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I recently told two of my kids, who are 15 and 13, they had to see an R-rated movie with me. I even sweetened the deal by offering to buy dinner afterward. Yes, the movie had some potentially inappropriate content, but I thought it was worth it. Though my kids are doing fine, I’m worried about the world they live in. Bo Burnham’s “Eighth Grade” was my opportunity to start some long overdue conversations about social media, sex and mental health.

The movie follows shy 13-year-old Kayla as she navigates the last week of middle school and a complicated social world that seems to exclude her, and that shifts seamlessly between her real life and her social media feeds. She yearns for a popular boy who is kind of a jerk. She makes YouTube videos, which no one watches, that are both insightful and cringeworthy.

In the past year, information has emerged that paints a bleak picture of modern adolescence. Mental health issues such as anxiety and depression affect more than 22 percent of teens in the United States. Measures of well-being such as self-esteem, happiness and satisfaction have steeply declined in the past five years. The suicide rate for teenage girls hit a 40-year high in 2015. The most recent data about adolescents and technology use indicates that 95 percent of teens ages 13 to 17 have smartphones and that 45 percent are on them “almost constantly.” There’s compelling evidence that technology use may be related to these declines in emotional and mental health.

As a mom, a public health professor and a writer who’s spent two years researching the impact of social media and screens on young adults, I found the movie to be an eerily accurate and layered reflection of what the research tells us about being 13. Though it’s been a couple of weeks since we saw “Eighth Grade,” we’re still talking about it. The movie was just what my family needed to kick-start these conversations. Here are some discussion points to help yours do the same.

Is it possible to be always connected and always lonely?

While Kayla wants to connect with others, she seems to use technology as a substitute for actual human contact or a distraction from her loneliness. Her experience reflects that of millions of kids who turn to technology as a way to connect socially — only to find that it makes them feel more isolated. The few times Kayla seems genuinely happy are when she’s actively engaging with other people and the world around her: singing karaoke at a party, going to the mall with friends or having a serious but cathartic conversation with her dad.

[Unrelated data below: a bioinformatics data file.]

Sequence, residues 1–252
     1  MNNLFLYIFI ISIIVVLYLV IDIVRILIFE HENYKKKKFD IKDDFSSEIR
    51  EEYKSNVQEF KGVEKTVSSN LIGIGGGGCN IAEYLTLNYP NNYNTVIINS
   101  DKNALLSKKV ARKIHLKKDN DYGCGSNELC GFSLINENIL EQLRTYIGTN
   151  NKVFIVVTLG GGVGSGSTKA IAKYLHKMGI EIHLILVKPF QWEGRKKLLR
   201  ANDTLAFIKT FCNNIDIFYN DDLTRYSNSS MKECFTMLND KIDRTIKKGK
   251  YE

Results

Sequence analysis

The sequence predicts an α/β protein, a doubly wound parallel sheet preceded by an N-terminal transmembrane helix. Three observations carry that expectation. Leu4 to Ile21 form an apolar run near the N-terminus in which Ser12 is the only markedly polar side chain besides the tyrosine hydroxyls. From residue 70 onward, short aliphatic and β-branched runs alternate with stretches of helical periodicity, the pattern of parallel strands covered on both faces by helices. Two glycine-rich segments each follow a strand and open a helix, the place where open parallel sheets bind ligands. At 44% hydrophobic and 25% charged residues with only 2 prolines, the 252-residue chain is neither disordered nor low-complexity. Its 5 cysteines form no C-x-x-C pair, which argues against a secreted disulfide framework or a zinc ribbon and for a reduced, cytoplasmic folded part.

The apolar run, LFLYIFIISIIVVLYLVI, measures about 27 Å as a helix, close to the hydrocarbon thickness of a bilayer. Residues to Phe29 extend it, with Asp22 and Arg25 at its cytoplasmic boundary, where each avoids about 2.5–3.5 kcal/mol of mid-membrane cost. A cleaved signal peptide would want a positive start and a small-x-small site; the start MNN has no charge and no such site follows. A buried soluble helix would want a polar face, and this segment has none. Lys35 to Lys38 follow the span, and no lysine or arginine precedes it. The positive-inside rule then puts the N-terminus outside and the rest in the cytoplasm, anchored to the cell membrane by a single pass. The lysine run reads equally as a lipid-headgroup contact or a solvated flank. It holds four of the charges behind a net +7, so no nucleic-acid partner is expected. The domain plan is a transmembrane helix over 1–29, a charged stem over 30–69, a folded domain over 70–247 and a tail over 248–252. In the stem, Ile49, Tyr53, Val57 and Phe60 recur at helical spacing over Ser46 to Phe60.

There’s plenty of research that indicates that face-to-face time with others and developing meaningful friendships can make people happier and mitigate the effects of stress. There’s also evidence that when kids use technology to enhance communication and to facilitate getting together in person, it can be a positive force in their lives. In contrast, kids who use it to lurk, and not engage with others, tend to have low self-esteem.

This points to a much larger issue for both teens and their parents — how can we be more thoughtful in how we use our phones? When does “normal” use become problematic? Is it healthy for people to use technology as a crutch or to numb their feelings? How can Kayla find a reasonable balance between the things she does online that add value to her life and those that make it worse? Should Kayla find that balance herself or should her dad take a more active role in helping her? Both of my kids thought her dad should have been more on top of setting limits for her technology use.

Are naked pictures really happening in eighth grade?

Sexting is only briefly alluded to in the film, but it’s something every family should talk about. The degree to which both my kids acknowledged it was happening in their school should not have surprised me. Educators, school administrators, mental health providers and law enforcement officials have told me eighth grade can be a prime time for this behavior. Parents need to address it with some understanding and nuance, though, and be prepared to discuss it when it comes up (even if it’s just a rumor circulating at school).